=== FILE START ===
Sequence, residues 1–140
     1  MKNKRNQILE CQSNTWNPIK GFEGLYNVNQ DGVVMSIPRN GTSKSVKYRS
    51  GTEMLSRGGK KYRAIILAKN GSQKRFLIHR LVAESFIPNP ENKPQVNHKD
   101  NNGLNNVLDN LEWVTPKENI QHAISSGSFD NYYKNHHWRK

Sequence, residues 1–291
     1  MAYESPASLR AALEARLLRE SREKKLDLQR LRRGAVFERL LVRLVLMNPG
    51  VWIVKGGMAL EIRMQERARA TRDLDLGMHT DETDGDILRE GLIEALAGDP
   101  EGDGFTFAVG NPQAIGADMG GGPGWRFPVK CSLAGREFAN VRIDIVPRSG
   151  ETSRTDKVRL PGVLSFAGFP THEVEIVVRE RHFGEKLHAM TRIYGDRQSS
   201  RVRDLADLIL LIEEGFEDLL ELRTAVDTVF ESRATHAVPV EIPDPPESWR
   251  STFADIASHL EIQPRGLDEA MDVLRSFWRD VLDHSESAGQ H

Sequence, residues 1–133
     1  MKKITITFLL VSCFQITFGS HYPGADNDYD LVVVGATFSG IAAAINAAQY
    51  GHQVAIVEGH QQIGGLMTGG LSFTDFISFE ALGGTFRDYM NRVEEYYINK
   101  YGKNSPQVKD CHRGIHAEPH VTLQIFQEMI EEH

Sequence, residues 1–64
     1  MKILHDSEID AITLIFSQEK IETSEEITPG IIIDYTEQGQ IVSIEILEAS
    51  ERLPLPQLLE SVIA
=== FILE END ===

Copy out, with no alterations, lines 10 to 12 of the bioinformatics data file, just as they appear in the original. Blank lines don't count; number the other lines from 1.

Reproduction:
   201  RVRDLADLIL LIEEGFEDLL ELRTAVDTVF ESRATHAVPV EIPDPPESWR
   251  STFADIASHL EIQPRGLDEA MDVLRSFWRD VLDHSESAGQ H

Sequence, residues 1–133